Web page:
Oppenheimer Sanctioned Billion Dollar Failure To Supervise UITs
Oppenheimer Co. Inc. a securities broker dealer headquartered in New York New York has been censured and fined $800,000.00 by Financial Industry Regulatory Authority (FINRA) based upon findings that the securities broker dealer neglected to adequately supervise its stockbrokers’ unit investment trust trades in customer accounts. Letter of Acceptance Waiver and Consent No. 2016050948101 (Dec. 30, 2019).
According to the AWC, between 2011 and 2015, more than $6,400,000,000.00 in unit investment trust transactions had been effected by Oppenheimer which produced sales charges of $68,600,000.00. FINRA stated that $753,900,000.00 in transactions involved a unit investment trust purchase being made with proceeds from a previously held unit investment trust position that was sold one hundred days prior to its maturity. Also, $237,100,000.00 of the proceeds involved an early rollover where a previously held unit investment trust was switched for another unit investment trust in a subsequent series. This resulted in customers prematurely selling unit investment trust positions only to purchase other unit investment trust positions containing similar or the same objectives.
The AWC stated that Oppenheimer neglected to implement a supervision system and written supervisory procedures geared towards supervising stockbrokers’ recommendations for suitability in regard to early unit investment trust rollovers. FINRA stated that unit investment trusts were classified in written supervisory procedures as long-term investments, and the procedures noted that frequent switches or trades could constitute inappropriate transactions. Those procedures neglected to detail anything about early rollovers though.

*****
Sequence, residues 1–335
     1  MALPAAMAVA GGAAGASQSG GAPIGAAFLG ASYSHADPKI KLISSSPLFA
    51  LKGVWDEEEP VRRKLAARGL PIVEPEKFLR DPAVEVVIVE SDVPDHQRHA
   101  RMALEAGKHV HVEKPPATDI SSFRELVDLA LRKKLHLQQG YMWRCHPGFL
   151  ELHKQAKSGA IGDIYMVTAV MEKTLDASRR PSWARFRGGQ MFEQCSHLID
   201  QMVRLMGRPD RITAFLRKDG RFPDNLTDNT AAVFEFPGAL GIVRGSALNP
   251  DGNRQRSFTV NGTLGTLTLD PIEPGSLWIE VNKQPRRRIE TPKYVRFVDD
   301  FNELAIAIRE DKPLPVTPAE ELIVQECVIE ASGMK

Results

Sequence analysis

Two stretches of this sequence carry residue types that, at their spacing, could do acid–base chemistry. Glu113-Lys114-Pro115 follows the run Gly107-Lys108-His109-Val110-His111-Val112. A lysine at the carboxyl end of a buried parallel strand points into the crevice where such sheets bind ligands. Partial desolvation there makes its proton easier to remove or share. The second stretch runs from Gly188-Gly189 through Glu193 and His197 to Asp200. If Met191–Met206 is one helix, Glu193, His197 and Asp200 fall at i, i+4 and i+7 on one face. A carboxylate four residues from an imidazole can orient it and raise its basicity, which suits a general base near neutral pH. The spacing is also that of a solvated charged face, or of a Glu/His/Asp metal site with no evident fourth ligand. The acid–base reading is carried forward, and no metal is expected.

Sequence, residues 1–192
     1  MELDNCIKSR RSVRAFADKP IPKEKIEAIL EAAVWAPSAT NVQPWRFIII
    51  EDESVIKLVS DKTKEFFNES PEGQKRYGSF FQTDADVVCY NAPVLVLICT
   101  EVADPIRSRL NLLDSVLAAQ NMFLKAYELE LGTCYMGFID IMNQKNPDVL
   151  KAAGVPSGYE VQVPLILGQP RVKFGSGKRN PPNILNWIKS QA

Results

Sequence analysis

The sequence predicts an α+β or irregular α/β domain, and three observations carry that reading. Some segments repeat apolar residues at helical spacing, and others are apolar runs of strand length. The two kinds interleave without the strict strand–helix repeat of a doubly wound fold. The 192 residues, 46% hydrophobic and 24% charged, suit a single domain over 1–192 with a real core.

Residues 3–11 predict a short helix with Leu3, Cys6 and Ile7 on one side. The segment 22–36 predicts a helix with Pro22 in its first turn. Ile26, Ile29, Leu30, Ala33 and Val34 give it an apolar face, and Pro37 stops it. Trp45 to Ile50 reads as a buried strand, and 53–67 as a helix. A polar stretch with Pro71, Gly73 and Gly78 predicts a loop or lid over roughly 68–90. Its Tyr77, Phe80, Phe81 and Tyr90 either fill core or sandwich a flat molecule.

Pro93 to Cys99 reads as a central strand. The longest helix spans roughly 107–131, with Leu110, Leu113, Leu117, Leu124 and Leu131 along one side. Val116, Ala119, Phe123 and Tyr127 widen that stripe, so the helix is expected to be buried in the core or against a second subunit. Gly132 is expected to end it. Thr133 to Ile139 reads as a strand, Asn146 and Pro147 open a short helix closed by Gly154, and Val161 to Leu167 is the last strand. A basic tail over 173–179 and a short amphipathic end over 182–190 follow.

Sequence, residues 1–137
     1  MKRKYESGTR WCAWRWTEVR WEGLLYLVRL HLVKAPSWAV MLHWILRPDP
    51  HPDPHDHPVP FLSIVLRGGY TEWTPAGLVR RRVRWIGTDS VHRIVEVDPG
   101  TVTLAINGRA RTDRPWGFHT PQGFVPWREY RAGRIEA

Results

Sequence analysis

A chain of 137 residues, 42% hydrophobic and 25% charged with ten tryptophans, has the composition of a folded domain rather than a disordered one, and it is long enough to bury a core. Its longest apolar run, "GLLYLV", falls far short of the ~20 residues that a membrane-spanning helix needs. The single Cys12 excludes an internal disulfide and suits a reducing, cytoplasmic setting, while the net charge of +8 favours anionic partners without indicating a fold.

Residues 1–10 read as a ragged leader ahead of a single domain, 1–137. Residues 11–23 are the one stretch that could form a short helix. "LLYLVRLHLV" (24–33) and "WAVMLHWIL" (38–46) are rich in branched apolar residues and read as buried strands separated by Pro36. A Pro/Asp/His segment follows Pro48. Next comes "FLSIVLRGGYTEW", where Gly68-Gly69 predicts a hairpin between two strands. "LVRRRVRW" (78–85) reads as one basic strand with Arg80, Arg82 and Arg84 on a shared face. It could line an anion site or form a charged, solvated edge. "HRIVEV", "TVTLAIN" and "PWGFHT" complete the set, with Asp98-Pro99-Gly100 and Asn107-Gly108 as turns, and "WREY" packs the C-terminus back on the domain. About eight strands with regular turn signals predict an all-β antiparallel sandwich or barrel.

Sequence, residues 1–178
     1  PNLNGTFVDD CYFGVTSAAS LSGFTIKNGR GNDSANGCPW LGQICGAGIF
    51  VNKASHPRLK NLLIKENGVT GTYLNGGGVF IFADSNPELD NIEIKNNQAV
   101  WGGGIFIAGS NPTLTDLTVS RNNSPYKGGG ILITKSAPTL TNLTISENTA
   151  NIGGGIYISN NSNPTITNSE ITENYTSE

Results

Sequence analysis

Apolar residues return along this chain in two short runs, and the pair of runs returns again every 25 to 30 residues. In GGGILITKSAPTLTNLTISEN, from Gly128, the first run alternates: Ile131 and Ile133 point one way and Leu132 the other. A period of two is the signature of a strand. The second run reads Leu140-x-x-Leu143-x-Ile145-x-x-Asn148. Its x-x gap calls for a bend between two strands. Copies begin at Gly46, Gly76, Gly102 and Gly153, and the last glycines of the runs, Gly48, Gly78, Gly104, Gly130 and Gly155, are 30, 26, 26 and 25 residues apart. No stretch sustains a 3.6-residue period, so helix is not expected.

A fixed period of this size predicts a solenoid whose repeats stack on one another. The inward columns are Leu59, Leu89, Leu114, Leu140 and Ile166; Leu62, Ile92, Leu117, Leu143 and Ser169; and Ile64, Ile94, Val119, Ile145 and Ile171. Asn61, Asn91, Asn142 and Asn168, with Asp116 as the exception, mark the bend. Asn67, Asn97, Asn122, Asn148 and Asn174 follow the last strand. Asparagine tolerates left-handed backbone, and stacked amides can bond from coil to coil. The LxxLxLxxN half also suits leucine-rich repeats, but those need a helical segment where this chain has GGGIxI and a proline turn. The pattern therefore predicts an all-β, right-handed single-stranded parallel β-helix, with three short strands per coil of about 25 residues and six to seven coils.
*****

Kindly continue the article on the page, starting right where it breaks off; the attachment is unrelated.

The AWC stated that there were no automated alerts, reports or other systems used by the securities broker dealer for purposes of evaluating inappropriate rollovers of unit investment trust products. The securities broker dealer depended on branch managers to manually review the transactions, but with a lack of information contained in Oppenheimer’s supervisory procedures regarding early rollovers, the securities broker dealer’s process for identifying and preventing unsuitable switches was deficient. In fact, the trade report reviewed by Oppenheimer failed to show whether stockbrokers advised customers to make inappropriate rollovers or whether stockbrokers possibly caused customers to pay as much as $3,874,206.90 in unnecessary sales charges. FINRA found that Oppenheimer’s conduct constituted violations of FINRA Rules 2010 and 3110 as well as NASD Rule 3010.